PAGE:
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  • Staff report

“Skinamarink” is a slow burn just in time for a cold night

Special to the The Tejano Tribune

By Emma Carr & Ben Ranger



Here’s how the plot of “Skinamarink” is described: Two children wake up in the middle of the

night to find their father is missing and all the windows and doors in their home have vanished.


From that point you’re on your own as Canadian filmmaker Kyle Edward Ball pulls the audience from one scare to another, with increasing amounts of confusion and spooky delight.


We went into it knowing it was a slow burn and very experimental, and that is exactly what we

got. It left us pondering, even days after watching… what just happened? This is a movie that

you either get it or you don’t … and if you don’t, you’re going to think it’s boringly pointless.


This is Ball’s second project, ever, and it’s a bold move. Well received last summer at the 26th

Fantasia International Film Festival in Montreal, it immediately suffered having its digital file

pirated and uploaded across the Internet, but then realized that as a mixed blessing.


Positive word-of-mouth on YouTube, TikTok, Reddit and Twitter built anticipation of box office

recovering the purported $15,000 production costs. (Rumor has it, Ball shot the entire film in his childhood home…). And as of last week, $900,000 in ticket sales seems to have covered that.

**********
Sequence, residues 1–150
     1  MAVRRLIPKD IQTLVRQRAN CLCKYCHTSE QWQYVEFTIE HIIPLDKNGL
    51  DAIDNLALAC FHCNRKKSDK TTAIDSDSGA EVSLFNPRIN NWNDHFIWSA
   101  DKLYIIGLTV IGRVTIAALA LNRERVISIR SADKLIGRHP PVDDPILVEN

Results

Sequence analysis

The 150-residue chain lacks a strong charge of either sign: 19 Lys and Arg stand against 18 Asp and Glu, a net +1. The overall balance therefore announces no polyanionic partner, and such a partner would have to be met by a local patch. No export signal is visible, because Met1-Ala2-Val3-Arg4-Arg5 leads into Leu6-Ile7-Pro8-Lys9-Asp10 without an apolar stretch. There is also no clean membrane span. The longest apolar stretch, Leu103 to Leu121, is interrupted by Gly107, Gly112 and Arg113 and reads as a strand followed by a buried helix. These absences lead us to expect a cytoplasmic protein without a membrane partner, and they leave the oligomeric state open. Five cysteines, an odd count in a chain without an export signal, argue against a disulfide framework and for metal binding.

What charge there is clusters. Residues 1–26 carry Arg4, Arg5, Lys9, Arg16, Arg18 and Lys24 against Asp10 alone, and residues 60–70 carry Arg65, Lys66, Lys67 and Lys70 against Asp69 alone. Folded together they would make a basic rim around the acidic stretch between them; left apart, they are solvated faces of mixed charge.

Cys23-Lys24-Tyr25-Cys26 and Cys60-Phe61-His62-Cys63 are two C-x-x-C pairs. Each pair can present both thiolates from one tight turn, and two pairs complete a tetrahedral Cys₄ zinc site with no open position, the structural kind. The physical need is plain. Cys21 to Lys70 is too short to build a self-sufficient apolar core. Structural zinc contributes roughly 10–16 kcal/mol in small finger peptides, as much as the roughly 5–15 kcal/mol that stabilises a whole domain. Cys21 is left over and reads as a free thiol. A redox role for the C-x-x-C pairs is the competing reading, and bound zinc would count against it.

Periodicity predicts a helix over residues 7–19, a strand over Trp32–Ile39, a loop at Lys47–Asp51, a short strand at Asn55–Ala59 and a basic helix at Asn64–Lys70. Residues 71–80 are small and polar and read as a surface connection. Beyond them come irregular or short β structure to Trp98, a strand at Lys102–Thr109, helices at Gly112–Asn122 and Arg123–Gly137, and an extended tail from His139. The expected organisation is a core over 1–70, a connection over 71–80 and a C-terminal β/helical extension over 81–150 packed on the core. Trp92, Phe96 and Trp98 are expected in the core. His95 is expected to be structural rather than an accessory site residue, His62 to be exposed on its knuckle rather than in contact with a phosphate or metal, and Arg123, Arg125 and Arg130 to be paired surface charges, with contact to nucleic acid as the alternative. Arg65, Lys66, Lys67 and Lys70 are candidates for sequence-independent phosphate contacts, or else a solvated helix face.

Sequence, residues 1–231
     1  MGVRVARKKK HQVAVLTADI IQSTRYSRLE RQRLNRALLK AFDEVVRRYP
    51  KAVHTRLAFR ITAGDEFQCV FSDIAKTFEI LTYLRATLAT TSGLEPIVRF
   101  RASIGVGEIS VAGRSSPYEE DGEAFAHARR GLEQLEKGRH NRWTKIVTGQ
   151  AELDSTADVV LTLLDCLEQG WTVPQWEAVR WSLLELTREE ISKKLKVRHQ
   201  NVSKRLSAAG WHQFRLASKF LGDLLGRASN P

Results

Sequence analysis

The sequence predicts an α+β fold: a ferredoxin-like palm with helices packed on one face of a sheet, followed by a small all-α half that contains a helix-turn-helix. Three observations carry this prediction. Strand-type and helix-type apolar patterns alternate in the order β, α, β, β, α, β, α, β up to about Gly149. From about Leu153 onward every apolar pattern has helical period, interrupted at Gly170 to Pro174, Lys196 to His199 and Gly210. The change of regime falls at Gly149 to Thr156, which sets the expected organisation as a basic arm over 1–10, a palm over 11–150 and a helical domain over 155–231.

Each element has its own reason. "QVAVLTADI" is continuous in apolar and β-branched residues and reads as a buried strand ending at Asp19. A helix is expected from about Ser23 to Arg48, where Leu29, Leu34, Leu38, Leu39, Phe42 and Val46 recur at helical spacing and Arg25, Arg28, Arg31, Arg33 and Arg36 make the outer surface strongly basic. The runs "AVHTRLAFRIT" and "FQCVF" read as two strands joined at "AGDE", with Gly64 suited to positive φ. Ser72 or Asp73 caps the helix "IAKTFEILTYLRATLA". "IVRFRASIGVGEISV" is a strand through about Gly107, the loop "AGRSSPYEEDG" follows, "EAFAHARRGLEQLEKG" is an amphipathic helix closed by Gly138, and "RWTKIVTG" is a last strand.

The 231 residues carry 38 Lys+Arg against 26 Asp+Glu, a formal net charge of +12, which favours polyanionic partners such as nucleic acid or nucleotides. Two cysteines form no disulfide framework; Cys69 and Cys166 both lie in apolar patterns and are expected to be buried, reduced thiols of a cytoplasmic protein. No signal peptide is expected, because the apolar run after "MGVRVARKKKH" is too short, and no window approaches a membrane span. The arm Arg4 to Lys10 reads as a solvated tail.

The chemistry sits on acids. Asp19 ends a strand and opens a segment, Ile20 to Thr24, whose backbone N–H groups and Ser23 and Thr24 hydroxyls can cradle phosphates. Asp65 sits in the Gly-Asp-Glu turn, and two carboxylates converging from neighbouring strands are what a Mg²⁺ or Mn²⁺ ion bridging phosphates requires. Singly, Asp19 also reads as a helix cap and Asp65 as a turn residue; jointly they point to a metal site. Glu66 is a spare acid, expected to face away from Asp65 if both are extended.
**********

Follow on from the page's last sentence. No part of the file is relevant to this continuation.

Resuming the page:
The success two decades ago of “The Blair Witch Project” might have spurred Ball to try his

hand at experimental horror, and it would appear he has succeeded cinematically.


However, for the average movie goer, it might be a little much. Most, if not all, conventional movie-making structures are abandoned as audiences are challenged to follow absurd camera angles and out-offrame activities.


The kids are “seen” as not much more than running pairs of socks or off-screen whispers. But the sense of their abandonment permeates every scene and we can’t help but wonder if this is exactly how a kid might react without the vocabulary or life experience to understand what’s happening.


Being immersed is key to enjoying Skinamarink, so either watch it in a good theater or absorb it at home where you can better control the environment. It felt worth the ticket price, and much like viewing the movie itself, a slow build to truly appreciating it. We will need a rewatch for sure.


We give it 4 stars out of 5.


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